Asian infusion bowl 

Protein is so important for your body. You can think of it as the building block for essentially all hormones, metabolic processing, neurological functioning and tissues. With the ongoing battle between carbs and fats it’s safe to say that everyone agrees on that protein is a good option. But of course there is an ongoing battle with protein as well; should we focus on animal protein or plant protein? Full disclosure I am a meat eater for those that don’t regularly follow my posts here or on Instagram. I believe that animal protein fills the gap on nutrients we aren’t able to receive from other foods so I choose to include it in my diet. That being said I am also all for plant protein and there are many times I will take breaks from animal protein and using more plant based options.

I choose to do so for two main reasons:

  1. My wallet needs the break
  2. My digestion needs the break

When I eat meat I consciously make the choice to eat high quality meats such as grass fed, wild, organic, and sustainable cuts of meat. This can get expensive!I value the quality of the meat and the quality of live for the animal, so I would rather pay a little more but eat less of it. To fill in the gap I use plant proteins, as they are great inexpensive sources of protein.

Digestion of meat can be a taxing process on your body. Protein begins to breakdown in the stomach, and stomach acid is required to activate the enzyme needed for the job. Unfortunately, low stomach acid is a common symptom experienced by our society due to our lifestyles. Due to this our digestion can have a hard time taking in all the nutritional goodness that is available.

Plant protein can be a buffer to this as it can be prepared in ways to aid the digestion process, making it easier for your gut to absorb the nutrients.

In today’s recipe that I am sharing with you, I use a protein source that is plant based, protein packed,  nutrient packed and easy on your digestion.


Tempeh is a fermented soybean. Tempeh has become a popular vegetarian protein for good reasons.

By fermentation more protein and minerals are available to you versus eating soybeans. The fermentation process will also add probiotics to the food making it more easily digestible. The probiotics will line your intestine lining and fight against any immune system attackers, ensuring you stay healthy. Tempeh will also provide fibre which is great for moving through the gut and scrubbing and pulling any waste that needs to be removed. Tempeh has also been noticed for its bone health role. Vitamin D has been in the spot little for bone health recently but Vitamin K is required to transport Vitmain D into the bones. In the tempeh fermentation process, the bacteria present have been shown to create Vitamin K2 which is necessary for bone health.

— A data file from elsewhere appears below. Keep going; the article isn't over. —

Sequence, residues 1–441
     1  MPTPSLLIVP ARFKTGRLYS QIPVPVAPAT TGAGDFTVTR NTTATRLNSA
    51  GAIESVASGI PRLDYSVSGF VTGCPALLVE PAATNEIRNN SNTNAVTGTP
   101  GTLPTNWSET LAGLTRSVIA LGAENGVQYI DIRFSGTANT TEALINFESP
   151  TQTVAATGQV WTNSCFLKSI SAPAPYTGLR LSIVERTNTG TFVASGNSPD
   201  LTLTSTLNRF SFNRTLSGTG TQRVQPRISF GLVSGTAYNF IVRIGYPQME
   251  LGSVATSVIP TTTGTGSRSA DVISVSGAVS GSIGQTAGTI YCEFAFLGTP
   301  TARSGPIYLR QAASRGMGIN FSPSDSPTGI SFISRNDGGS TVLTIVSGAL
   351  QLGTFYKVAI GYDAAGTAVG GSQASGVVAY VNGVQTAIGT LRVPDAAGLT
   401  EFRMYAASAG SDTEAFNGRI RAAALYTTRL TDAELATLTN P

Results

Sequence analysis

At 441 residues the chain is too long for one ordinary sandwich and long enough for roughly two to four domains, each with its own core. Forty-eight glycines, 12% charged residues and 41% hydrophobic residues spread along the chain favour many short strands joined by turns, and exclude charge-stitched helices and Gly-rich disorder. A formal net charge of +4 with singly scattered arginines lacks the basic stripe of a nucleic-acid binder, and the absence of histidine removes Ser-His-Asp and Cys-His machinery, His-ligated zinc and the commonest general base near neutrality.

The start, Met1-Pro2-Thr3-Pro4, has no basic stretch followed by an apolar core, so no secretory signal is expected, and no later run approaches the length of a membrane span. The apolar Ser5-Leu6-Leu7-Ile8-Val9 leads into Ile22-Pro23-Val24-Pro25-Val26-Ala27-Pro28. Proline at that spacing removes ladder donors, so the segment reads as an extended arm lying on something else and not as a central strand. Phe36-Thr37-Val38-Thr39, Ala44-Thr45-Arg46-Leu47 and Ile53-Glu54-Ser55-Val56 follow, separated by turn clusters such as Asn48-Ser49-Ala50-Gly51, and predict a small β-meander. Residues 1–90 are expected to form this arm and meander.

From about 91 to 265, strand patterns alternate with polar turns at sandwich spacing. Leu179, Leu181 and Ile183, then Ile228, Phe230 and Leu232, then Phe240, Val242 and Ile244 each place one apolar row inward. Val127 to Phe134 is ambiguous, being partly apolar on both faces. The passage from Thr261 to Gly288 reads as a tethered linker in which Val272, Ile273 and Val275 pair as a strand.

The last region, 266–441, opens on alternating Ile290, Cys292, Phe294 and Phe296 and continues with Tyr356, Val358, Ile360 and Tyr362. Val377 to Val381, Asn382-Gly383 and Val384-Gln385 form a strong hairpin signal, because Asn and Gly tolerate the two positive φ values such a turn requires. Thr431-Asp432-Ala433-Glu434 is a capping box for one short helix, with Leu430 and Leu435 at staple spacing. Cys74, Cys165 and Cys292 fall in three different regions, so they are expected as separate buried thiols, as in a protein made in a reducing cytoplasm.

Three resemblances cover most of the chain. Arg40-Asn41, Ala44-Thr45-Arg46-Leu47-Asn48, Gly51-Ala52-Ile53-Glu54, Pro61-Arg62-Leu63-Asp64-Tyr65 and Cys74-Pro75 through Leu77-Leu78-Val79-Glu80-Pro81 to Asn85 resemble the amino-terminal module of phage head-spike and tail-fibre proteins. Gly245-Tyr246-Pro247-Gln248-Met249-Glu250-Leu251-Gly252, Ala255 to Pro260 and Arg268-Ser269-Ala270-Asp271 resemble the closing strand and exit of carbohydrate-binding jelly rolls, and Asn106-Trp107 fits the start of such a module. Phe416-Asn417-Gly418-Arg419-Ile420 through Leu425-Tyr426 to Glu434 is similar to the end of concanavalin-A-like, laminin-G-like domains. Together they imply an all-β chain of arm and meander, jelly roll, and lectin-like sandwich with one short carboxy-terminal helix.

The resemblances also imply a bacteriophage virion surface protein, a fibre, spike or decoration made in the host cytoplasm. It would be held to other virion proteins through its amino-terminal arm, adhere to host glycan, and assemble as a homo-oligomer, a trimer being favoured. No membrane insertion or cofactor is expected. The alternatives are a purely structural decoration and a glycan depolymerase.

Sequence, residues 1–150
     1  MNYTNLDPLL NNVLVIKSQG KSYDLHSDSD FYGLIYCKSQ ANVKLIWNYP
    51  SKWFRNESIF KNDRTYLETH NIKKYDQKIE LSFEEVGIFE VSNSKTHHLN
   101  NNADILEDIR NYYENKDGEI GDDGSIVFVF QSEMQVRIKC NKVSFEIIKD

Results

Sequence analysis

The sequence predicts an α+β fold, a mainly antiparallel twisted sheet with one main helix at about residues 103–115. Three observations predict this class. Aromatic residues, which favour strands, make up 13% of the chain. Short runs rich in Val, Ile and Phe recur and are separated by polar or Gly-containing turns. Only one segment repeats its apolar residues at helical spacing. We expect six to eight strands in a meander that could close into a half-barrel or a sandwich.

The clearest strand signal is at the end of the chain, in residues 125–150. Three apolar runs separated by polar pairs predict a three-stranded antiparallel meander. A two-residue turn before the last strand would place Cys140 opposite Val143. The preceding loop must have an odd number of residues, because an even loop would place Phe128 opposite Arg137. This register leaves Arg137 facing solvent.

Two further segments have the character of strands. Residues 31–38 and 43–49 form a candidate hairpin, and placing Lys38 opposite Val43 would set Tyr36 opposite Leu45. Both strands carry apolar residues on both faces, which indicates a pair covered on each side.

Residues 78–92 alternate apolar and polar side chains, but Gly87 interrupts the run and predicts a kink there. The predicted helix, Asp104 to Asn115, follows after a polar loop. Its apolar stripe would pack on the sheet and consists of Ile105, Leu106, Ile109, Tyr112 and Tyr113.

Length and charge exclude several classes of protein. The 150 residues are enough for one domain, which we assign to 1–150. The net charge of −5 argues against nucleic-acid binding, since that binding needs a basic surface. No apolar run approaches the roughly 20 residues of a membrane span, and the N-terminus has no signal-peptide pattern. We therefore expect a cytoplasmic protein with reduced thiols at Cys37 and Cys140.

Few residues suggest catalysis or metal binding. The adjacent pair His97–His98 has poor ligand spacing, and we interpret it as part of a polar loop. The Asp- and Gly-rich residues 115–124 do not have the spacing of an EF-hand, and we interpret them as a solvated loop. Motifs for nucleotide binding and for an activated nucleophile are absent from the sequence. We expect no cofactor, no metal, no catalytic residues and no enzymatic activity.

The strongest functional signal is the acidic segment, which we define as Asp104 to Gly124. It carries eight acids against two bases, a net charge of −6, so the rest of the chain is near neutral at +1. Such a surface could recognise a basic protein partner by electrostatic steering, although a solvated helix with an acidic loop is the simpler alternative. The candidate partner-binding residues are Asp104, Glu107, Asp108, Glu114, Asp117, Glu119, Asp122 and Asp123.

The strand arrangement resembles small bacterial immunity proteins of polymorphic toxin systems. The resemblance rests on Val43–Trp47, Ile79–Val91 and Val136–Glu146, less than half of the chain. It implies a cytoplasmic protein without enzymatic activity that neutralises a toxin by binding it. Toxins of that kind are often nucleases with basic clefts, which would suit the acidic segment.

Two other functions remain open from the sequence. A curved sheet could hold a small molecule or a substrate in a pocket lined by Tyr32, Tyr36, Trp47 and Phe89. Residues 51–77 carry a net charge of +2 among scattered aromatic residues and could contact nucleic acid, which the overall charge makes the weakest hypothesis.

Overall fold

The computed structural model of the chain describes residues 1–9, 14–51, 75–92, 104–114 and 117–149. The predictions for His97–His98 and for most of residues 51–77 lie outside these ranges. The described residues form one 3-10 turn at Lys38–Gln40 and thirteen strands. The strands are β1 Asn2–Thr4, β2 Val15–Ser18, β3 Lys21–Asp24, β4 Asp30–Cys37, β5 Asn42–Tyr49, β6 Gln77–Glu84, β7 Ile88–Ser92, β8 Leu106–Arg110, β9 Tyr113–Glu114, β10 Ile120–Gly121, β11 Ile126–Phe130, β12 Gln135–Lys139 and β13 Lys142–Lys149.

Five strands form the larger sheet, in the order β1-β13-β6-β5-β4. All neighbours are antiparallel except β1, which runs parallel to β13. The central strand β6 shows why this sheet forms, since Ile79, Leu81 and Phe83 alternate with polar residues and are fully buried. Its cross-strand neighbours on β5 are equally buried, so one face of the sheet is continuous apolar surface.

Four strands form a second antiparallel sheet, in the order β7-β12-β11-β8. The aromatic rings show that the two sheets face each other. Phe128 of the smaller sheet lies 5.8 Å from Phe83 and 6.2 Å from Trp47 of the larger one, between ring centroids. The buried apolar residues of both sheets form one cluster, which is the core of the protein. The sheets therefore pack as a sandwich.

Since we are using tempeh as a protein alternative we need to look at how it compares to meat. A 100 gram piece of tempeh contains 20g of protein, which is quite similar to fish (22g), and slight lower than chicken and beef (27g and 26g, respectively). Taking the nutritional values into consideration, tempeh scores pretty similar to animal protein, with a few extra health benefits.

Now that you know all the great things about tempeh let’s dig into the goodness.


Serving: 1

Prep time: 5 minutes

Cooking time: 30 minutes


  • 1/3 cup edamame beans
  • 1/2 cup buckwheat noodles
  • 2 cups pea shoots
  • 100g tempeh
  • 2 tbsp almond butter
  • 1 tbsp coconut aminoes
  • 1 tbsp apple cider vinegar
  • 3 tbsp olive oil
  • 1 tsp lime juice
  • 1/2 tsp paprika
  • 1/2 tsp cumin
  • Water
  • Sesame seeds


  1. To cook the tempeh, preheat the oven to 350F. In the meantime, mice the marinate for the tempeh by adding 1 tbsp almond butter, 1 tbsp coconut aminoes, 1 tbsp apple cider vinegar, 1 tbsp olive oil, 1/2 tsp paprika, 1/2 tsp cumin. Whisk to combine. If it’s too thick fell free to add a few drops of water until you get a good consistency.
  2. Add the cubes tempeh to marinate and allow them to sit for 10 minutes (up to 24 hours; longer the better).
  3. In the meantime, make your dressing by mixing 1 tbsp almond butter, 1 tbsp coconut aminoes, 2 tbsp olive oil and 1 tsp lime juice.
  4. Place the tempeh in the oven for 20 minutes, flipping the tempeh piece half way through.
  5. After flipping your tempeh, bring a pot of water to a rolling boil to cook your buckwheat noodles. Follow the instructions on you package; this should take 5-6 minutes.
  6. In another pot, steam your edamame beans for 3-4 minutes or until tender.
  7. When everything is done cooking, add all your delicious toppings to you pea shoots, and drizzle with dressing.


I find tempeh to be bitter so I like to prepare it beforehand so it removes the bitter taste. Add tempeh to a saucepan filled with 1 inch of water and bring to a boil for 10 minutes, flipping once at the half way point. Then rinse, pay dry, and cut into thing, bite size pieces.

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